Zuger

Zuger

While we all may have seen the headlines late last week together, it’s likely that we’re feeling various levels of relief or security in their potential. In an amalgamated way those headlines read, “Apple, Microsoft, and Google are making passwords unnecessary.”

You are not alone if you find yourself celebrating. It sometimes seems like as much time and energy goes into managing your passwords than goes into using the websites and applications that require them in the first place. Pitchforks and torches have assembled since the password regimen really amped up around 10 or 12 years ago. When password “strategies” began demanding specialized characters and other rules that took you outside of mere letters and numerals, we in the cyber community heard the clamoring.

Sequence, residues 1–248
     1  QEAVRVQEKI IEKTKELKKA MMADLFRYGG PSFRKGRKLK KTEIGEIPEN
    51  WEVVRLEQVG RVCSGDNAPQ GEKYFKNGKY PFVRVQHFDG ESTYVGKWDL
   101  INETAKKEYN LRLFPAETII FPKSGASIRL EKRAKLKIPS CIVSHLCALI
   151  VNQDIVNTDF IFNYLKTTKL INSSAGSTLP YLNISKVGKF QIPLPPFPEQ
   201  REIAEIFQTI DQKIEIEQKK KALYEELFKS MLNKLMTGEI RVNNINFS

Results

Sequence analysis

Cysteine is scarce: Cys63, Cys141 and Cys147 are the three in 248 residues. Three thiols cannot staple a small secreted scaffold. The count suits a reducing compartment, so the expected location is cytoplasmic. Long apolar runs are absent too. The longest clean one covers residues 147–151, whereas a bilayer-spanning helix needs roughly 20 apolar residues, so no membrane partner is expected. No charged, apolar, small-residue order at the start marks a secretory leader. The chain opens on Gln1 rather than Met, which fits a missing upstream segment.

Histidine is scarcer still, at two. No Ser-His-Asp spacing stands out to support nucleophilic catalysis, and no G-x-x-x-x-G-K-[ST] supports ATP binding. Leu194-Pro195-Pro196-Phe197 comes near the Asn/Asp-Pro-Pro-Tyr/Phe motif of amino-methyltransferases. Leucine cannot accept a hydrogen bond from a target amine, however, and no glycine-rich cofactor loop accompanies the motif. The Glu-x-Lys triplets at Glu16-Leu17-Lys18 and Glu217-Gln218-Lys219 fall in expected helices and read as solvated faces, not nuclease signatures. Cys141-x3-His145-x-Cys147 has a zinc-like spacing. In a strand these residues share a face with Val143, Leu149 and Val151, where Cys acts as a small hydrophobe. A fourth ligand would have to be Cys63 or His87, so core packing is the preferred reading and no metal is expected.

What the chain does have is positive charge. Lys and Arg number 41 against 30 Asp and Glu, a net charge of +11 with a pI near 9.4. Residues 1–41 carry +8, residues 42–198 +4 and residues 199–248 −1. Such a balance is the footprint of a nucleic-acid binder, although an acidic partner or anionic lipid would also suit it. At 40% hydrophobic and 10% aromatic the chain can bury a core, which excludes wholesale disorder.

At the same time they were growing in complexity, so too did the password’s use expand. More services went from brick-and-mortar to being online. Think banking, insurance, and retail. Thus, more passwords. In the workplace, online trainings supported by outside vendors, HR processes, payroll … much began migrating to computer-based activities. Thus, more passwords. In the classrooms, tablets and all their software have overtaken textbooks. Thus, more passwords. The list is as long as your current list of passwords and it seems like, for me at least, not a month goes by without some newfangled widget that promised to make life easier in fact added another password, making life balance backwards a bit.